THE JEWISH PARROT
Moskowitz had bought a parrot and one morning found the bird at the
eastern side of the cage, with a small prayer shawl over its head, rocking
to and fro, and mumbling. Bending low to listen, Moskowitz was
thunderstruck to discover the parrot was intoning prayers in the finest
(Well, it wasn't Pigeon Hebrew, anyway!)
"You're Jewish?" asked Moskowitz.
"Not only Jewish," said the parrot, "but Orthodox. So will you take me to
the synagogue on Rosh Hashanah?"
Rosh Hashanah, the Jewish New Year, was indeed only two days off, and it
would as always usher in the high-holiday season which would end with Yom
Kippur, the Day of Atonement, ten days later.
Moskowitz said, "Of course, I'll take you, but can I tell my friends about
you? It isn't a secret, I hope?"
"No secret at all. Tell anyone you want to." And the parrot returned to
Moskowitz went to all his friends, full of the story of his Jewish parrot.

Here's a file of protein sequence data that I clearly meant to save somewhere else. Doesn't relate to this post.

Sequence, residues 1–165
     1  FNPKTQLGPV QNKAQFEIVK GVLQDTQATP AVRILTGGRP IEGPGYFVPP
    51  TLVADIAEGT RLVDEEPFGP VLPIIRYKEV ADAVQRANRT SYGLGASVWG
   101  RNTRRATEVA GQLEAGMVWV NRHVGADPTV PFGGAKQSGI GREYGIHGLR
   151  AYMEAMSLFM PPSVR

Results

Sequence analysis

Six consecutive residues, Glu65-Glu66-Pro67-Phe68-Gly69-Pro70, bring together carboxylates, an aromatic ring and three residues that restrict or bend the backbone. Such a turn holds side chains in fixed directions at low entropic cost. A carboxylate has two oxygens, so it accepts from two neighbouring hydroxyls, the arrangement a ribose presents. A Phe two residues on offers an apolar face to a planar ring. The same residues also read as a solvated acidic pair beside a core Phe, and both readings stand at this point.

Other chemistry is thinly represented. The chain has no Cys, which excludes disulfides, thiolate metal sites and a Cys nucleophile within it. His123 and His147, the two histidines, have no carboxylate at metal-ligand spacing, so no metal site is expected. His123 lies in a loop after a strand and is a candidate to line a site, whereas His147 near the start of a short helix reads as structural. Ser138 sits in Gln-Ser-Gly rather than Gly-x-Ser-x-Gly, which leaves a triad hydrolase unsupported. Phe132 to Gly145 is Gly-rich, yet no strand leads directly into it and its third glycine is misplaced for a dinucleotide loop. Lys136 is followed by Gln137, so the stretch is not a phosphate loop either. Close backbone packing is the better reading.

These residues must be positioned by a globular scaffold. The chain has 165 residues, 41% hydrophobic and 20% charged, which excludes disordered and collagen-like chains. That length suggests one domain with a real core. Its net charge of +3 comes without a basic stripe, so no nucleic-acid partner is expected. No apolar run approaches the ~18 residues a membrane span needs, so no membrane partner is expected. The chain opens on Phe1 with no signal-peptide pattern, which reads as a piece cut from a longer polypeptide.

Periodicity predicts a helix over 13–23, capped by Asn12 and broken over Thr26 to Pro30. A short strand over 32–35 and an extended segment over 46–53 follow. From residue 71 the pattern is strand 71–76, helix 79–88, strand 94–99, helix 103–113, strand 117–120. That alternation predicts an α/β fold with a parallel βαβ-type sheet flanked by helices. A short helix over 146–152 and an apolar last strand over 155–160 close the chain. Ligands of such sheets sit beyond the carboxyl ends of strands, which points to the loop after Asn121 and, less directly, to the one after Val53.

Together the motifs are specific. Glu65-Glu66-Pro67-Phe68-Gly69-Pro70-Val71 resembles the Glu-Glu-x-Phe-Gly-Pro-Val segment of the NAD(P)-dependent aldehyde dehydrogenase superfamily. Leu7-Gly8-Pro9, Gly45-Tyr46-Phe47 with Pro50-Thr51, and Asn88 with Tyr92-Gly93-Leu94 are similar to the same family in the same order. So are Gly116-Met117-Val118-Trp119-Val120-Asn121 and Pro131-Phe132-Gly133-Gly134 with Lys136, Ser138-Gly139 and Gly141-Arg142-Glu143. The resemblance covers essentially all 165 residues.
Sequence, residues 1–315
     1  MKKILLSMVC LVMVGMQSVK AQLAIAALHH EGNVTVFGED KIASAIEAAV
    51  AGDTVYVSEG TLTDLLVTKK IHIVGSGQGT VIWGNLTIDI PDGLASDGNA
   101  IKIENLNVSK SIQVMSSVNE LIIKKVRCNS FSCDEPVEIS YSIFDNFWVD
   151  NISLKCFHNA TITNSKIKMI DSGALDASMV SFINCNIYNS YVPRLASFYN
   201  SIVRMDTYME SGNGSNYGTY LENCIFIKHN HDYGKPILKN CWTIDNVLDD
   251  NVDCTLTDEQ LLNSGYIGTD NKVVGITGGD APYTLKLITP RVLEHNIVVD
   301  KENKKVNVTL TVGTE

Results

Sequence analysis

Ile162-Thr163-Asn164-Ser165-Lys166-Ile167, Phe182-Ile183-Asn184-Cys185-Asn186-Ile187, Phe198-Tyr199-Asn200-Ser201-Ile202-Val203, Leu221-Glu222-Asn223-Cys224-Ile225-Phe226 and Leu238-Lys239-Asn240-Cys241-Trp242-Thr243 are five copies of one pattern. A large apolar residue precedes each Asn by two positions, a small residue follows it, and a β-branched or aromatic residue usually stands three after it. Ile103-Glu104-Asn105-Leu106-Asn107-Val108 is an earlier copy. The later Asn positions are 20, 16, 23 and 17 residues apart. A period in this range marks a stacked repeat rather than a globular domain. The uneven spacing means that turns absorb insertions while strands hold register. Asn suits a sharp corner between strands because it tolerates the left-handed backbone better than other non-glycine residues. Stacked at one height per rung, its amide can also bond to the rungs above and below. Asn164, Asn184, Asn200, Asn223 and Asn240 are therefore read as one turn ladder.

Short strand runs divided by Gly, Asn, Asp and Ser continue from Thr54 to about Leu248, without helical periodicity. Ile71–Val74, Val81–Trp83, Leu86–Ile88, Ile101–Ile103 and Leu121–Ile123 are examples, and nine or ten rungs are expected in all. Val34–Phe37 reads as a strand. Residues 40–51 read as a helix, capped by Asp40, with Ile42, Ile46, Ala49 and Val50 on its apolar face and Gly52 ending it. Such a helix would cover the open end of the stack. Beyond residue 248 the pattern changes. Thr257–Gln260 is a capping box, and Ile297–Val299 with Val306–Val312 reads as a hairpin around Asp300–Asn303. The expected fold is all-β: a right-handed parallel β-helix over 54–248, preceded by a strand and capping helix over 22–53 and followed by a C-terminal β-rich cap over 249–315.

Of course no one believed him, and in no time at all Moskowitz was taking
bets. By Rosh Hashanah, he had a thousand dollars, all told, riding on
Grinning, Moskowitz brought the parrot to the synagogue in its cage. He
put him in a prominent place and everyone turned to watch even as they
mumbled their prayers. Even the rabbi watched, for he had seventy dollars
that said the parrot could not pray.
Moskowitz waited. Everyone waited. And the parrot did nothing.
Moskowitz carefully arranged the prayer shawl over the bird's head, but
the parrot ducked and the shawl fell off.
After the services, Moskowitz's friends, with much mockery, collected
their money. Even the rabbi snickered as he took his profit of seventy
Utterly humiliated, Moskowitz returned home, turned viciously on the
parrot and said, "Prepare to die, you little monster, for I'm going to
wring your neck. If you can pray, now's the time."
Whereupon the parrot's voice rang out clearly: "Hold it, you dumb jerk.
In ten days it's Yom Kippur, when all Jews will sing the tragic, haunting
Kol Nidre. Well, bet everyone that I can sing the Kol Nidre."
"Why? You didn't do anything today."
"Exactly! So for Yom Kippur, just think of the odds you'll get!"